Every so often, we get reminded that players sometimes just need minor mechanical or mental adjustments to finally unlock their potential. As we all know, Chris Colabello profiles as the classic quad-a player, lacking statistical precedent to sustain success in the bigs. I saw his insane average over 50 ABs and wondered if he changed anything from his approach from when he was with the Twins to warrant further review. Last year, Steve Pearce proved that a breakout (temporary as it might have been) is possible for players their 30s and I need not remind anyone of how bad Encarnación and Joey Bats were to start their careers.
When thinking about Colabello, lots of interesting questions come to mind. Is his small sample of enhanced performance due to luck, hitting in a better lineup, better ballpark, a division full of hitter’s parks, or maybe actual performance enhancers? I imagine all those factors play a role (hopefully not the performance enhancers), but they don’t necessarily improve all players’ stats… cough*Colby Rasmus*cough… So, thinking this through I decided to take a look at his mechanics and find out if he’s made any substantive changes to his approach that would enable him to take sustained advantage of his new highly favorable hitting environment. I started by McFlying a little to look at ’14 Colabello for a baseline.
2014 Assessment: Last year Colabello featured a typical major leaguer’s stance and weight transfer to a load position, but then things would go wrong as a hitch would often appear in his swing. Hitches in swings can actually be helpful if kept short and managed appropriately by occurring during the batter’s load up to the trigger position, (the point from which the swing path commences) as they can aid timing and swing fluidity (i.e. Sheffield/Cano/Betts and Paredes so far this year); however if the hitch is too long (Javier Baez), or occurs after the trigger position, it can severely limit potential by hindering ability to adjust to higher velocity and off-speed offerings. In the case of Colabello’s ’14 approach, the hitch was both large and late; doubly damning like when your girl’s boobs get juicier when she’s about to go on her period, but then she’s like “no I’m late, this ain’t gonna happen.”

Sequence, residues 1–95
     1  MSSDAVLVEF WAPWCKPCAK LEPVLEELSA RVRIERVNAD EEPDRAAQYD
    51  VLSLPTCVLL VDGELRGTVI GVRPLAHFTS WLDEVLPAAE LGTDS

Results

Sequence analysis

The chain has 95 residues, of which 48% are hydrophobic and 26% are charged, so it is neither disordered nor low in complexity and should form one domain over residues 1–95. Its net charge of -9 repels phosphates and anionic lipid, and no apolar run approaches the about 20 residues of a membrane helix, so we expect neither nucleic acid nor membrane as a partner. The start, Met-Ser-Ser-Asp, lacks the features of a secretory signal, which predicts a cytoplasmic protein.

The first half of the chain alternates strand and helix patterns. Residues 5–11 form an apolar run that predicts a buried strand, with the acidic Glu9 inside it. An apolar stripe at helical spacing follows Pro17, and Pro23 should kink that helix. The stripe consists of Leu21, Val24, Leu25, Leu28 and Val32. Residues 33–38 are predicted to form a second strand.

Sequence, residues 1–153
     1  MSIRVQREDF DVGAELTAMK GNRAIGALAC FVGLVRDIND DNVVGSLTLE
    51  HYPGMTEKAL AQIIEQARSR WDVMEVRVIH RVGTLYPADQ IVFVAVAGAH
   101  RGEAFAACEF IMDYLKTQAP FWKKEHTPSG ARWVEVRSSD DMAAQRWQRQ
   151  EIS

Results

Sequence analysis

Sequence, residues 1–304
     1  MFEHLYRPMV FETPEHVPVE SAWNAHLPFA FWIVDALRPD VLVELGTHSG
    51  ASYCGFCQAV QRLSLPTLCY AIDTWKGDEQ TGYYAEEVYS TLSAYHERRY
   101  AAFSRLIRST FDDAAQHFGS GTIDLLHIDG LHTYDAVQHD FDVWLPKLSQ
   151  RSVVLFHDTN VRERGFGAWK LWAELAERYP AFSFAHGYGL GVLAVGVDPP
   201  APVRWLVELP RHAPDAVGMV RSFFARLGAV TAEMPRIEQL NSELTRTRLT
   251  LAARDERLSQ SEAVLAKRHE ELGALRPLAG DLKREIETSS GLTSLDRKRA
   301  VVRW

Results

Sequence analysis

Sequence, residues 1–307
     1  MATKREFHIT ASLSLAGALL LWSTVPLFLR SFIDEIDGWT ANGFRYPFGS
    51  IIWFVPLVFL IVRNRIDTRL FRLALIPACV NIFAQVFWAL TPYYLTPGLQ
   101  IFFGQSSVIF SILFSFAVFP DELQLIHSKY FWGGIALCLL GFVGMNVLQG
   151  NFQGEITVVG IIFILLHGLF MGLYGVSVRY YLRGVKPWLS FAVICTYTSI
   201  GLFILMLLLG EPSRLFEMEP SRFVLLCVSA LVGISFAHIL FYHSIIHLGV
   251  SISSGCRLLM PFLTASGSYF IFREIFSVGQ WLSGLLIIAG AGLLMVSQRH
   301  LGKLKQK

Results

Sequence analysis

Stance Trigger Swing Path
As you’ll see from this wicked picture sequence above that comes from this video, his stance and load to the trigger position look fine. But then from his trigger, he drags the bat toward a horizontal position behind him rather than straight to the ball in front of him, creating a post-trigger hitch. That hitch created a jerky, deflated swing resulting in a weak ground out on a very hittable hanging slider from Sale; which he driven into the right-center gap. (It’s worth noting that the grounder from this swing brought in a runner from third and might have been Colabello’s limited goal for that at-bat. However, fantasy studs shouldn’t be content to sacrifice themselves on pitches they can drive and even if he was intentionally sacrificing himself, good hitters don’t do that by inserting hitches into their swings.)
So my first conclusion is that if he hasn’t changed anything then this year’s success could only be attributable to luck/environment as he’s clearly not a physical specimen who can overcome faulty mechanics. So I took a look at a video from this year and pleasantly found him doing what I thought he should have done last year with a hittable fastball out over the plate from Wade Miley. Now a smart fantasy baseballer (Grey’s mom’s term I think we’ve universally adopted by now) will ask: What, if anything, did he change and is it meaningful?
2015 Assessment: Several mechanical adjustments and each one improves his approach. Like the snapshots above, the ones below show his stance, trigger position, and swing path. Let’s look at each change and its impact.